Twenty suspects held after museum theft raids are bailed
Police investigating thefts of "priceless items" from museums and auction houses in England have bailed all 20 people they arrested.
Officers from 26 forces and the Serious Organised Crime Agency (Soca) carried out dawn raids on Tuesday.
Seven people were bailed on Wednesday and 13 were released earlier.
The 20 men and women from Essex, Cambridgeshire, London, Nottingham, Sussex, Walsall and Northern Ireland have all been bailed until January.
The 40 co-ordinated police raids were made in connection with six burglaries involving the theft of Chinese artefacts and a rhinoceros horn, over a four-month period in 2012.Heritage crime
Three of them took place at Durham University's Oriental Museum, one at Gorringes Auction House in East Sussex and one each at Norwich Castle Museum and the Fitzwilliam Museum in Cambridge in April last year.
Several high-value items are still missing, police said, including 18 mainly jade Chinese artefacts taken from the Cambridge museum, and thought to be worth up to £15m.
So far, eight people have been convicted and jailed for a total of more than 40 years for their roles in the six break-ins.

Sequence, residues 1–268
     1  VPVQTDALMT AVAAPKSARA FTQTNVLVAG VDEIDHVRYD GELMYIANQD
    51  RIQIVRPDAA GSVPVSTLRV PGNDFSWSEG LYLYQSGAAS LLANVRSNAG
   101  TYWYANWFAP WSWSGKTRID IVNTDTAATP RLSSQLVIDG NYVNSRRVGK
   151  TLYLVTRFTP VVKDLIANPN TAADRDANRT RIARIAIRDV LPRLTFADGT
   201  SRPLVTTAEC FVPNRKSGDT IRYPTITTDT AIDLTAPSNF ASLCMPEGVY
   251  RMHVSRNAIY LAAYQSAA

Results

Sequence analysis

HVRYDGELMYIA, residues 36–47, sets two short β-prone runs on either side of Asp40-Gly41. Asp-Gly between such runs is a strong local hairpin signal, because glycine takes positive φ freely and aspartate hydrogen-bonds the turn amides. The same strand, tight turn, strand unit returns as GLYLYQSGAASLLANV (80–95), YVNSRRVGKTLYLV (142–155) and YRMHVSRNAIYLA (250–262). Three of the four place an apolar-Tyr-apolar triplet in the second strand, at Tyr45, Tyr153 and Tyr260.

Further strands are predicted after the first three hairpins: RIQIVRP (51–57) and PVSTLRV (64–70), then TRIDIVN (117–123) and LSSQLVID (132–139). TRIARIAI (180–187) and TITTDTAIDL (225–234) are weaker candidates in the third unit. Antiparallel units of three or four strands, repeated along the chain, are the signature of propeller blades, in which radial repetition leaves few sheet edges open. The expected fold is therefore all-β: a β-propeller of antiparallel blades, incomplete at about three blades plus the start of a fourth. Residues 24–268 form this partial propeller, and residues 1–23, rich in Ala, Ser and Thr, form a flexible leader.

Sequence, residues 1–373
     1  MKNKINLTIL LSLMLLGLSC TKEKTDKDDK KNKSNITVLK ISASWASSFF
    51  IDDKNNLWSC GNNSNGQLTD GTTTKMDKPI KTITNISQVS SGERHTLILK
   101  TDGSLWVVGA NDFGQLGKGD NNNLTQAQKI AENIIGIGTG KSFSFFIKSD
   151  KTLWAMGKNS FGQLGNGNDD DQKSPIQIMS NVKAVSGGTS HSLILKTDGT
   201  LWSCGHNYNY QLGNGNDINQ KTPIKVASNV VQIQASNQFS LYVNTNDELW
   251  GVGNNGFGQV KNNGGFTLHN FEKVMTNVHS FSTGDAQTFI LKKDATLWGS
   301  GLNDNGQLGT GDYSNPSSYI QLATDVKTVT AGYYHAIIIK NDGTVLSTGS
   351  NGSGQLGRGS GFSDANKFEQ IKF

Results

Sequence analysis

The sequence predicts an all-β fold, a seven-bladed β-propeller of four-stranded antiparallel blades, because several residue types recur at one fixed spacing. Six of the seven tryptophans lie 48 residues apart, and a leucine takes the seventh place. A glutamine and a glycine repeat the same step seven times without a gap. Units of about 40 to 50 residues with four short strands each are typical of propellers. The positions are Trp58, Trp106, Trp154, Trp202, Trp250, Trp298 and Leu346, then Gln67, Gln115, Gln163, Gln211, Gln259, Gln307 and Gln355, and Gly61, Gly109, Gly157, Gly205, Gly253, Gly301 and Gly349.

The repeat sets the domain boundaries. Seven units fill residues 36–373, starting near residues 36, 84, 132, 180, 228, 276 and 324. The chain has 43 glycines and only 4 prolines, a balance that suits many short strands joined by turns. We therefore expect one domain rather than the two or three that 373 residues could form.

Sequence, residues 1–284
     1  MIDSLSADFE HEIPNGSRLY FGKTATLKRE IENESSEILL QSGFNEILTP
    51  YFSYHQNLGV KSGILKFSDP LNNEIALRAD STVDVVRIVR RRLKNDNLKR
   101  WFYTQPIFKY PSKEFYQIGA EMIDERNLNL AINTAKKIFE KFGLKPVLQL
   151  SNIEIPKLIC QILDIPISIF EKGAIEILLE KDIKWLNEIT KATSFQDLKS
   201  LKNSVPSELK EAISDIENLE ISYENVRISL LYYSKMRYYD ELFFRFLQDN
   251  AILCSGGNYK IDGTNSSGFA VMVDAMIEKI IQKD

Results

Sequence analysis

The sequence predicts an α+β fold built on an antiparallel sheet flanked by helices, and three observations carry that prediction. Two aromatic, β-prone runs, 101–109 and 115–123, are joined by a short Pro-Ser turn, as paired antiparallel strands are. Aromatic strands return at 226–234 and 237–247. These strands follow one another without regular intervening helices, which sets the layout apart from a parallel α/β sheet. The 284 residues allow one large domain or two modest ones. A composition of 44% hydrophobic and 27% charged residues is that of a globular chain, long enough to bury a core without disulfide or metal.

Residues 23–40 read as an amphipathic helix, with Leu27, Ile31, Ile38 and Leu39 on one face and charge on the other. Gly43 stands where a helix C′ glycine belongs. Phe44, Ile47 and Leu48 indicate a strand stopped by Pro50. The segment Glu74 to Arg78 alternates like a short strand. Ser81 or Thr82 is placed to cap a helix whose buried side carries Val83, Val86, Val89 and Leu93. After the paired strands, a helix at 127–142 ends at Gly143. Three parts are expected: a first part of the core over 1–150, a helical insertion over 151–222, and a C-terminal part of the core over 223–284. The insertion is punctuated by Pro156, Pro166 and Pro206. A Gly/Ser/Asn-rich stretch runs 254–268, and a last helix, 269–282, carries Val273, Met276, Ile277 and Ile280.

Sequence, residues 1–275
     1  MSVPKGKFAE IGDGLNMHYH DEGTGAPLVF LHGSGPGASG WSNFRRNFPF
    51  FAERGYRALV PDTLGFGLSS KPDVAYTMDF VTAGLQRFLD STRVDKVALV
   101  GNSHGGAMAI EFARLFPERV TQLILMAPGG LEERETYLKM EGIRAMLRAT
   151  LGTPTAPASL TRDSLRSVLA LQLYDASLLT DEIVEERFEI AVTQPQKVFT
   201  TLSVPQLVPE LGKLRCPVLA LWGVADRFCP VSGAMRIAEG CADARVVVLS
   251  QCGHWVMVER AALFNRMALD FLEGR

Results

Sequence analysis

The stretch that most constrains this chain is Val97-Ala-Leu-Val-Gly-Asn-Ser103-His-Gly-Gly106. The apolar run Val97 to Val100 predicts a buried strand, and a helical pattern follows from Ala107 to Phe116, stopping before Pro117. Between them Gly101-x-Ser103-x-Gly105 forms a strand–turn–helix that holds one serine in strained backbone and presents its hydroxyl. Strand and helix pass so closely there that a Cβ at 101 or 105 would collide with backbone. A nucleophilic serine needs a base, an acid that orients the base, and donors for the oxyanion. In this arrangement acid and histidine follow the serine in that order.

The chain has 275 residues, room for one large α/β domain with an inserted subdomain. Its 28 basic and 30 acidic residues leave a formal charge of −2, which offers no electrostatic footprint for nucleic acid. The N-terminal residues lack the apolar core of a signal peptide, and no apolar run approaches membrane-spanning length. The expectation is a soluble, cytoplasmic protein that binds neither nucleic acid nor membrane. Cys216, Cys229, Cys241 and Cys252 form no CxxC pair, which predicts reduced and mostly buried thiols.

The 20 people arrested on Tuesday were detained on suspicion of conspiracy to commit burglary, apart from a 54-year-old woman who was arrested on suspicion of perverting the course of justice and assisting an offender.
Eight people aged between 20 and 54 were detained in London.
Four men aged between 24 and 56 were arrested at a travellers' site in Cambridge.
In Northern Ireland, three men aged between 43 and 59 were held.
Two men aged 28 and 54 were arrested in Basildon.
A 32-year-old man from Walsall, a 60-year-old man from Sussex and a 67-year-old man from Nottingham were also detained by police.
During the raids officers seized cars, cash, suspected stolen property and documents.
They have not yet been able to say whether any items missing after the museum thefts last year were found.
The Association of Chief Police Officers (Acpo) has set up a working group to crack down on the increase in heritage crime, and to share intelligence and crime prevention advice.
The group includes police officers, English Heritage and other partners in the arts and museum sector.